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Individual Development Accounts
Your Opportunity to Build Assets and Maintain Benefit Eligibility
 
 

Individual Development Accounts (IDAs) are matched savings accounts that allow individuals with limited income and limited wealth to save money and to build an asset (a first home, business capitalization, or higher education or training). Individual Development Accounts began to receive federal funding in the late 1990s as an asset building strategy for low income, low wealth families. Federal funding for the accounts were provided by two sources, Temporary Aid to Needy Families (TANF) and the Assets for Independence Act (AFIA). Assets accrued in an IDA established using TANF or AFIA money cannot, under Federal regulations, negatively impact an individuals eligibility for federal programs. The individuals contributions, matching contributions, and interest can not be considered as an asset when determining eligibility or benefit levels for federal benefit programs like Social Security, Medicaid, and Food Stamps.

Many IDAs are part of an asset building strategy. The IDA provider may also provide financial literacy, budgeting, credit counseling and/or volunteer income tax assistance (VITA) services. These services provide an individual the opportunity to increase their ability to earn, budget, and save towards their goal. Financial institutions, foundations, churches, private donors, and state and local governments fund the matches to the personal savings of IDA holders (usually at a rate ranging from $1 to $4 for each dollar saved). For example, an IDA program with a 2:1 match would provide $2 for every $1 dollar saved in the IDA, $1000 saved in the IDA would receive a $2000 match.

You can achieve your asset building goals, using an IDA, to purchase a long-term asset such as a home, higher education and training, or a business by completing the following steps:

Step 1: File your taxes

Locate the Volunteer Income Tax Assistance (VITA) Project near you. VITA projects will do your taxes for free, based upon your income. To locate the nearest VITA site, call 1-800-906-9887.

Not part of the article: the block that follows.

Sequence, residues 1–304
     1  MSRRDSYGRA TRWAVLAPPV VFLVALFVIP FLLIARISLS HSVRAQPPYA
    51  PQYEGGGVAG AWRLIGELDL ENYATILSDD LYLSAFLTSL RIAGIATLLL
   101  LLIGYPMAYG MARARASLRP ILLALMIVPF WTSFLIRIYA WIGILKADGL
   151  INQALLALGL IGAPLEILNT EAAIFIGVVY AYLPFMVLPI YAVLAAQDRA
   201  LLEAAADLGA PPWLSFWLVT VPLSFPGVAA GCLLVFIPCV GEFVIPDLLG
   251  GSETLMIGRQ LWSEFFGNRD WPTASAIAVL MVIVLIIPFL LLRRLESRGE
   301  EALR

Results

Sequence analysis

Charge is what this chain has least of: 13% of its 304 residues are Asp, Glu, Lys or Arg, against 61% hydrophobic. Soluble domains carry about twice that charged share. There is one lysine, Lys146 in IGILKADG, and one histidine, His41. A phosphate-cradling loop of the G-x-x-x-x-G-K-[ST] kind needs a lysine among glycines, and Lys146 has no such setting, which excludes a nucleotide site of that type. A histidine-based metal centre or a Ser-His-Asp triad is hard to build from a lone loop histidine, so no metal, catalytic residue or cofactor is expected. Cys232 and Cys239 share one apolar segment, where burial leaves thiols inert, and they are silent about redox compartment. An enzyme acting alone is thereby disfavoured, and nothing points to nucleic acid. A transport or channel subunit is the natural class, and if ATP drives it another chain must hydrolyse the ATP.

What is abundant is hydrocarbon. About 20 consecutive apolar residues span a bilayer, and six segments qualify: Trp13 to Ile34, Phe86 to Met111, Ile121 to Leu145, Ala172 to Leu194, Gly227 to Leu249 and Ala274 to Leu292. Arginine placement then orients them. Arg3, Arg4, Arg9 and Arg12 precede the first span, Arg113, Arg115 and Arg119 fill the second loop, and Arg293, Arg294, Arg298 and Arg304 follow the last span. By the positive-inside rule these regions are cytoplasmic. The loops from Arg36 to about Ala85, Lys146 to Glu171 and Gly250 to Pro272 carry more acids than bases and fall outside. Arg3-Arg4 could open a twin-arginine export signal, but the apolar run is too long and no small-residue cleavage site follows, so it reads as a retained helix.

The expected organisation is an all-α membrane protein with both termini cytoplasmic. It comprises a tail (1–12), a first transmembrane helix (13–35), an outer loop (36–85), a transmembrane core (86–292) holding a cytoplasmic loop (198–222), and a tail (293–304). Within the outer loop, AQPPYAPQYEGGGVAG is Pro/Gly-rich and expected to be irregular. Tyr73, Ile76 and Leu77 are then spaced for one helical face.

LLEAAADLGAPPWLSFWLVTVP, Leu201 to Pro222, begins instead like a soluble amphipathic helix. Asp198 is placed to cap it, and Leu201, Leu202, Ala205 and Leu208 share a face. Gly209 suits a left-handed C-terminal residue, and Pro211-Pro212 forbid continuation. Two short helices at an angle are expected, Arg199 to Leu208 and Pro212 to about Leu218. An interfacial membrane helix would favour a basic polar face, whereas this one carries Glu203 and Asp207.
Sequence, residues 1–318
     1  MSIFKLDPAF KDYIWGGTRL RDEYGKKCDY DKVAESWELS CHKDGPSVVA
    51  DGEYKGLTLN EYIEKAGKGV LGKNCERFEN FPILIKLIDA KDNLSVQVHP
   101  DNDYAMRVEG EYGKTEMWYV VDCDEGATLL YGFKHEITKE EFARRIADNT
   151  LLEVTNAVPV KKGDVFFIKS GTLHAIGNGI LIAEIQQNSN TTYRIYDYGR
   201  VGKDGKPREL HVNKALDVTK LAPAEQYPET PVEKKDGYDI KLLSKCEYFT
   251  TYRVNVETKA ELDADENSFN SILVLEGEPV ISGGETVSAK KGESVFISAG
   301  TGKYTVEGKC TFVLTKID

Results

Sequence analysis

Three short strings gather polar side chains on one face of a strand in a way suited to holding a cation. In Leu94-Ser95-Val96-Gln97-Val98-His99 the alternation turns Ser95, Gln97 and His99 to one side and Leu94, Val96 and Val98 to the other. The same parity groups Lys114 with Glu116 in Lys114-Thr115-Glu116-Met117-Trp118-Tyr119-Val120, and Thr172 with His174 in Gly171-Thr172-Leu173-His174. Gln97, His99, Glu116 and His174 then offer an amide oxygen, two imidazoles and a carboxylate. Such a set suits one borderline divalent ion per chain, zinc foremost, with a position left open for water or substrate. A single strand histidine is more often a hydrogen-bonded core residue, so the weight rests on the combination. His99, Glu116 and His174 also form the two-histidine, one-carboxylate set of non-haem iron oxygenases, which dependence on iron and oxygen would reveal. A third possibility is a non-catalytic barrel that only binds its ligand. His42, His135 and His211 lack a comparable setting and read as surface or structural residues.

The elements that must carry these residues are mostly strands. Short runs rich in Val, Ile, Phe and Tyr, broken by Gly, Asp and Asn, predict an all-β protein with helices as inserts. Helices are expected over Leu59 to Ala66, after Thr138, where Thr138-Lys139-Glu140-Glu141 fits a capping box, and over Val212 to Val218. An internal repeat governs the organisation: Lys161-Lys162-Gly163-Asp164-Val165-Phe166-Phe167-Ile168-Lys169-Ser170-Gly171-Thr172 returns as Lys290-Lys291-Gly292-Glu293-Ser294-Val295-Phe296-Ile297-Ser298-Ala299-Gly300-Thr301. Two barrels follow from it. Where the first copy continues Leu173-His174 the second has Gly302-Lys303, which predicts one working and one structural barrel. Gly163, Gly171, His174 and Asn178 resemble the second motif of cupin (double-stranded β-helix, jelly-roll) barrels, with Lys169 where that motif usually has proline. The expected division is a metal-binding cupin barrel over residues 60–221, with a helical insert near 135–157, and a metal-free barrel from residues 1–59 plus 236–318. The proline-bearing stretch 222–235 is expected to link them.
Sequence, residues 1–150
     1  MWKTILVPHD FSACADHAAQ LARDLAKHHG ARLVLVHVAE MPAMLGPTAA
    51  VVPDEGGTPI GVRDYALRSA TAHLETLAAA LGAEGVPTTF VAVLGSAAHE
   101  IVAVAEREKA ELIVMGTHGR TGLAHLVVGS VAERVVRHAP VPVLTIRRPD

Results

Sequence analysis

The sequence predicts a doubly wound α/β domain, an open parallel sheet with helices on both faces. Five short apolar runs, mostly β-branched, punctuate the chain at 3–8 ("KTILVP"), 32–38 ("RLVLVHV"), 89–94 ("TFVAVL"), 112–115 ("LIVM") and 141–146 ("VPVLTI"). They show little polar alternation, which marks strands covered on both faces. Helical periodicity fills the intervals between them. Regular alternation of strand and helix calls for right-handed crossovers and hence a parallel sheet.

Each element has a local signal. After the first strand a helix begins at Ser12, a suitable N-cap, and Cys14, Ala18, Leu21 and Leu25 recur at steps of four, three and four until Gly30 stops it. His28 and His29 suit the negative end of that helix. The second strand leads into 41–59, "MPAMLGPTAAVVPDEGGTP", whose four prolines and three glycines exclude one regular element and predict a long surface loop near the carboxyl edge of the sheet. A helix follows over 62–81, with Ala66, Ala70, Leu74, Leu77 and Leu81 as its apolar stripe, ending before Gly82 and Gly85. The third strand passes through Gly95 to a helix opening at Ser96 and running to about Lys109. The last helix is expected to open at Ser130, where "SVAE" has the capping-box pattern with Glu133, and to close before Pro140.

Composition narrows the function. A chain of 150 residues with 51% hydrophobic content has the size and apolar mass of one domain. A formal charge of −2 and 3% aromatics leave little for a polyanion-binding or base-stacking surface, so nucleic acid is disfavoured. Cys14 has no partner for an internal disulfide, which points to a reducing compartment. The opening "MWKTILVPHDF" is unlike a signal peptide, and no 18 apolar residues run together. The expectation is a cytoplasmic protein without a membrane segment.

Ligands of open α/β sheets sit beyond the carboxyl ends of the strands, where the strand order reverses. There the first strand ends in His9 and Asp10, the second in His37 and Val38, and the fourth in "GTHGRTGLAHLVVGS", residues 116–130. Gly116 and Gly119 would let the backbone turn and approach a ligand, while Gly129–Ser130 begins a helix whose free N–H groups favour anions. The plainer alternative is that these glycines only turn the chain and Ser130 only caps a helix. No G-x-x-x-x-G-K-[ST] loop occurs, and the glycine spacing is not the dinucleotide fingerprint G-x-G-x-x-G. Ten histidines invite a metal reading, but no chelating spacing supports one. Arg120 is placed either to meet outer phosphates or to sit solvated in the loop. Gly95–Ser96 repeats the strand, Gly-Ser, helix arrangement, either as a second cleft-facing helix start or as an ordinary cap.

Step 2: Apply for the Earned Income Tax Credit (EITC)

VITA utilizes volunteers trained by the IRS to identify eligibility for tax credits such as the Earned Income Tax Credit. The EITC is a refundable credit. It is based on your income, so even when you have no tax liability, you may receive a tax refund. But, even if you are eligible for the EITC, you will not receive the credit unless you complete Step 1, file your taxes.

Step 3: Open an IDA account

Now that you have received additional funds through your tax return, you can make the first deposit into your IDA account. To locate an IDA program near you, visit the Assets for Independence Resource Center, http://idaresources.org.

Each IDA program has eligibility guidelines that determine the income and asset limits of those who would like to open an IDA. Each program will also have rules that you will need to follow, such as participating in a financial literacy program or saving a minimum amount each month in your IDA account. Each IDA program has counselors to walk you through the process. They want you to be successful and achieve your savings goal.

One rule that many IDA programs have in common is the requirement that you are working and have earned money to build your IDA account. If you are not currently working, but are considering work, now would be a great time to speak with your Vocational Rehabilitation Counselor or other return to work supports about your asset building goals and your goal to work.

 

Worried about how saving money and building assets will impact your SSI (Supplemental Security Income), Medicaid or other public benefit?

The best thing about an IDA is that IDAs that receive federal funding from Temporary Aid to Needy Families (TANF) or Assets for Independence Act (AFIA) cannot be considered as assets for any Federally funded public benefit. So the money you save does not count against you as an asset or resource.

Once you achieve your goal:
  • The full value of your home may not count as a financial asset or resource as long as you live in it.
  • Your education and training do not count as a financial asset or resource. They are your intellectual property.
  • The full value of your business may not count as an asset or resource, depending on how the business is created.

Still concerned? 

Schedule an appointment to speak with one of the following resources:

WIPA (Work Incentive Planning and Assistance) Project http://www.socialsecurity.gov/work/ServiceProviders/WIPADirectory.html

Make an appointment with your Community Work Incentive Coordinator to understand the impact of earnings and savings on your Social Security disability benefits.

 
Social Security Administration - 1 -800-722-1213

Make an appointment with your Claims Representative or with the Work Incentive Liaison in your local office so that you have a full understanding of your rights and responsibilities.

Please note that only IDA’s that receive federal funding from Temporary Aid to Needy Families (TANF) Block Grants or Assets for Independence Act (AFIA) funds cannot be considered as assets. Please check with your local IDA provider to see if they receive funding from a TANF Block Grant or from AFIA.